long-term incentive plan period

Clawback and Malus Provisions

Clawback and malus provisions apply to both the Performance Bonus and the long-term incentive plans. In case of financial restatement due to non-compliance to accounting standards or fraud, and/or in case of violation of law or of internal rules by a member of Group Management, the Board of Directors may deem any Performance Bonus payment and/or unvested PSU to be forfeited (malus provision) or may seek reimbursement of any paid Performance Bonus and/or allocated shares under the long-term incentive (clawback provision) within a period of three years after the year of restatement or of the fraudulent/non-compliant behavior.

Shareholding Ownership Guideline

The members of Group Management are required to own at least a minimum multiple of their annual base salary in Sika shares within four years of their appointment to Group Management, as set out in the table below.

CEO 300% of annual base salary  
Members of Group Management 200% of annual base salary  

In the event of a substantial rise or drop in the share price, the Board of Directors may, at its discretion, amend that time period accordingly.

To calculate whether the minimum holding requirement is met, all vested shares are considered, regardless of whether they are blocked or not. However, unvested PSU are excluded. The Nomination and Compensation Committee reviews compliance with the share ownership guideline on an annual basis.

Benefits: Pensions

As Group Management is international in its nature, the members participate in the benefits plans available in the country of their employment contract. Benefits consist mainly of retirement, insurance, and healthcare plans that are designed to provide a reasonable level of protection for the employees and their dependents in respect to the risk of retirement, disability, death, and illness. The members of Group Management with a Swiss employment contract participate in Sika’s pension plans offered to all employees in Switzerland. These consist of the pension fund of Sika Schweiz AG, in which base salaries up to an amount of CHF 133,950 per annum are insured, as well as a supplementary plan in which base salaries in excess of this limit are insured up to the maximum amount permitted by law. Sika’s pension funds exceed the legal requirements of the Swiss Federal Law on occupational Retirement, Survivors, and Disability Pension Plans (BVG). Members of Group Management under foreign employment contracts are insured commensurately with market conditions and with their position. Each plan varies in line with the local competitive and legal environment and at a minimum, in accordance with the legal requirements of the respective country.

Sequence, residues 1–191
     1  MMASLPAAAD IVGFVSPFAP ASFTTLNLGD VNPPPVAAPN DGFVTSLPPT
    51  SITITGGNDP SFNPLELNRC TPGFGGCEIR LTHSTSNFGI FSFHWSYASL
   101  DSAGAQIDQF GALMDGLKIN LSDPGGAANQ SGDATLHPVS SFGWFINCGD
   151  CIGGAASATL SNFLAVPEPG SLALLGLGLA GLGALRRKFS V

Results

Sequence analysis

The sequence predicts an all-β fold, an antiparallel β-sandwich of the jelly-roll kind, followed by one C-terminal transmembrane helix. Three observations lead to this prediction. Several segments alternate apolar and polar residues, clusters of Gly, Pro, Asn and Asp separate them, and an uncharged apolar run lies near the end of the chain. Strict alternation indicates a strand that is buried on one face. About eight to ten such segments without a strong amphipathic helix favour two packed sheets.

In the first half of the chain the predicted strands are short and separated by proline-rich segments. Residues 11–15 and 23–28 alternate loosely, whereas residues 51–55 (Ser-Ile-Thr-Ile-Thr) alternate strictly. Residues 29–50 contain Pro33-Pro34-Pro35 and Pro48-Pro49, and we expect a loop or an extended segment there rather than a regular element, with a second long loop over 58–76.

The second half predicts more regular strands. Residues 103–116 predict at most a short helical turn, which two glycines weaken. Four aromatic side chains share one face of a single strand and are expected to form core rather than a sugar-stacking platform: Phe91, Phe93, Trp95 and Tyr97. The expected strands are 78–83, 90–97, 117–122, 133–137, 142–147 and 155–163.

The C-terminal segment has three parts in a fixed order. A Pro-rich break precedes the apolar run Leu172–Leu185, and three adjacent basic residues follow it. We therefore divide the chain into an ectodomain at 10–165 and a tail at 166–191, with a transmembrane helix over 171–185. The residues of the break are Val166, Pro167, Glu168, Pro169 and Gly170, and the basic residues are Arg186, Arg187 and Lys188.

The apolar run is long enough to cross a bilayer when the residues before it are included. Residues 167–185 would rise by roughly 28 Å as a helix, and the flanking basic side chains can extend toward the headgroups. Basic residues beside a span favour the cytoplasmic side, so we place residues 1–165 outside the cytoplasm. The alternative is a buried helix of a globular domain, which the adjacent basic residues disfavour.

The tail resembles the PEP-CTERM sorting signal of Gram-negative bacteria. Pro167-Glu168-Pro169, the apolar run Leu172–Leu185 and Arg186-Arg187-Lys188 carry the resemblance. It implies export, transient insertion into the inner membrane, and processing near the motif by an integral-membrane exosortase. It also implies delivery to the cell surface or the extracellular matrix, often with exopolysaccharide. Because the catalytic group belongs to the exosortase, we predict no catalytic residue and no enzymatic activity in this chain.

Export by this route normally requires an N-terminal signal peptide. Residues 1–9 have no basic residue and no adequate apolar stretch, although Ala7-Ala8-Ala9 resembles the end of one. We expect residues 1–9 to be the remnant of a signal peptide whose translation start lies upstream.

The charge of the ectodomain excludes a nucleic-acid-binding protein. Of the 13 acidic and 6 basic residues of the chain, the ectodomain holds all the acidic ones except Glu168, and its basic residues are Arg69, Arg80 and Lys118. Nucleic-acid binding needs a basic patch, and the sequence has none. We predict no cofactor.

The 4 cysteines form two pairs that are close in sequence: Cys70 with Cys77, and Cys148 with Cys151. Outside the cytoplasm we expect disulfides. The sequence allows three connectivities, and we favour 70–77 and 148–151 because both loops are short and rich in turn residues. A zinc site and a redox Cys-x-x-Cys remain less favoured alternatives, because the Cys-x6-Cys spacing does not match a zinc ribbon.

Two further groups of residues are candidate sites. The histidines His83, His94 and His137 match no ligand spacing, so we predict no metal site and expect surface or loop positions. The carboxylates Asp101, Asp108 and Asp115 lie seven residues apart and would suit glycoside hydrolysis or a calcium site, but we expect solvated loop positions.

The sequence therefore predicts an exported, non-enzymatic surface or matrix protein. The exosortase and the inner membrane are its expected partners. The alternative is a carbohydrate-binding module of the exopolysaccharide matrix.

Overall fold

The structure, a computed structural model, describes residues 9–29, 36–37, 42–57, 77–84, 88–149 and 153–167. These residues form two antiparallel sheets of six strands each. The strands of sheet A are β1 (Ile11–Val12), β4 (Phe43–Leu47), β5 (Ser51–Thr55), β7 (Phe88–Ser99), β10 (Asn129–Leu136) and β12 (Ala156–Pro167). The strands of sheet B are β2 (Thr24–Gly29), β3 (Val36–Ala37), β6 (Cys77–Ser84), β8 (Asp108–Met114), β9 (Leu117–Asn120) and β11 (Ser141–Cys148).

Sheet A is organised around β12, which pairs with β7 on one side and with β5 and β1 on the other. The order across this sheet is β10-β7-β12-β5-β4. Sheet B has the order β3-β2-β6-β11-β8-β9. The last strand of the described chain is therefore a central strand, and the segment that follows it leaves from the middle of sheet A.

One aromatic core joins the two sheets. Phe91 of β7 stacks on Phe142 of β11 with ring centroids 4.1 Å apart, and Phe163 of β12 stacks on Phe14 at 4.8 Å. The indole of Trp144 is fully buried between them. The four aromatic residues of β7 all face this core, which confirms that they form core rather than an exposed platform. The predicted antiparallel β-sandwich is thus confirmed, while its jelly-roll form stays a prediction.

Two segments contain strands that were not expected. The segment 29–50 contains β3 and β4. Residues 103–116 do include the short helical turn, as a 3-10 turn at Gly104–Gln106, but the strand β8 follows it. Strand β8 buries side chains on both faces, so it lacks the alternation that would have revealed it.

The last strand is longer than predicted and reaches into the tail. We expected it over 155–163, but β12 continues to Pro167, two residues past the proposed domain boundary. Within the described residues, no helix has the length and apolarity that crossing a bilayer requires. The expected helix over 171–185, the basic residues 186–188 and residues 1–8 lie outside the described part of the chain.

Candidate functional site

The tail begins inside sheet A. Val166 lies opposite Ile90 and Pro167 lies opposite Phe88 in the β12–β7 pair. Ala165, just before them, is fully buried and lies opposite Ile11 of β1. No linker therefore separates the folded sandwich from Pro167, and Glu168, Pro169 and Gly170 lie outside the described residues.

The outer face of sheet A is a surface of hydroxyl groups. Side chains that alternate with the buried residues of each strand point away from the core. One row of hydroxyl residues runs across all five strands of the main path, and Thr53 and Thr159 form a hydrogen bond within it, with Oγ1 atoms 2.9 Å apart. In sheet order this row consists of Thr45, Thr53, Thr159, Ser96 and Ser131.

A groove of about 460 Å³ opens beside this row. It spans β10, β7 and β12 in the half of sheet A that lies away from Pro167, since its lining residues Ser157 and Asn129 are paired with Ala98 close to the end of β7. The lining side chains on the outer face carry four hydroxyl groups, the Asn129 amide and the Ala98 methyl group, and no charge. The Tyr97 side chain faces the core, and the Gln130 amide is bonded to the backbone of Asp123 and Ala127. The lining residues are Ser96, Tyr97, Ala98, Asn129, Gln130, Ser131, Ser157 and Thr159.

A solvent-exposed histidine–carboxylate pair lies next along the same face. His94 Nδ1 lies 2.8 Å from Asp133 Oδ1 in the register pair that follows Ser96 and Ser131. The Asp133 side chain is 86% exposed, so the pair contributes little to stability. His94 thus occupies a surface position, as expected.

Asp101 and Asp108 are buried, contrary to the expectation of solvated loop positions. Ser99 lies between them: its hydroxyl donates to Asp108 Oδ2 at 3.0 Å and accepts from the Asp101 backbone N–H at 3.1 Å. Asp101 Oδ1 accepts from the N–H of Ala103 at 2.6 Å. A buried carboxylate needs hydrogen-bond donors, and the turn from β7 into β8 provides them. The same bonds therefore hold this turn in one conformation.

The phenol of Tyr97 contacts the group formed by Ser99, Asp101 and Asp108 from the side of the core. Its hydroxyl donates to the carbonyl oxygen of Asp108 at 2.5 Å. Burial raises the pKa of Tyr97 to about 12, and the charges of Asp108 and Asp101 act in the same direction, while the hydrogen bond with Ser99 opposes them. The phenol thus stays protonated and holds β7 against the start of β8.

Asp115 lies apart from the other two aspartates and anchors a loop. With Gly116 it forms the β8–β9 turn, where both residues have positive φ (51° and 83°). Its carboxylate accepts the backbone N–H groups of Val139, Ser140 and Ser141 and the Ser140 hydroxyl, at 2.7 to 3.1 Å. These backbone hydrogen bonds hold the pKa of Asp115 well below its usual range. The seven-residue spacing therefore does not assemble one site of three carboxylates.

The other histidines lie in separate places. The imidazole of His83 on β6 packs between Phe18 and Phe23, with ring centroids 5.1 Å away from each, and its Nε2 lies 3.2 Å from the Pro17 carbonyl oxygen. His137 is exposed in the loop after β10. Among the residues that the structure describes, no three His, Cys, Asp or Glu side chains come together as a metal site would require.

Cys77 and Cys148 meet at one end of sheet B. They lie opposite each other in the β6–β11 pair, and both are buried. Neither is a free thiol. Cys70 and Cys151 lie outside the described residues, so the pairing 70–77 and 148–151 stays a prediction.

Moreover, an early retirement plan is in place for members of the top management of Sika. The plan, entirely financed by the employer, is administered by a Swiss foundation. Beneficiaries may opt for early retirement from the age of 60, provided that they have been in a top management position for at least five years. Benefits under the plan are twofold: 

  • Fixed pension payment until the age of legal retirement. The amount of pension depends on the last fixed salary and the actual age at early retirement.
  • Partial financing of the reduction in the regular pension due to early retirement. The amount, which may be received as life-long pension payment or as a capital contribution, depends on the actual age at early retirement and benefits already accrued in existing pension plans. This portion of the plan is only applicable to beneficiaries insured under a Swiss pension plan.

Benefits: Perquisites

Members of Group Management are also provided with certain executive perquisites, such as a company car allowance and other benefits in kind, according to competitive market practice in their country of employment. The monetary value of these other elements of compensation is evaluated at fair value and is included in the compensation tables below.

Employment Contracts

The members of Group Management are employed under employment contracts of unlimited duration and are all subject to a notice period of one year. Members of Group Management are not contractually entitled to termination payments, or any change of control provisions, other than the early vesting and early unblocking of share awards mentioned above. Their contract may foresee noncompetition provisions that are limited in time to a maximum of two years and which allow compensation up to a maximum of six months.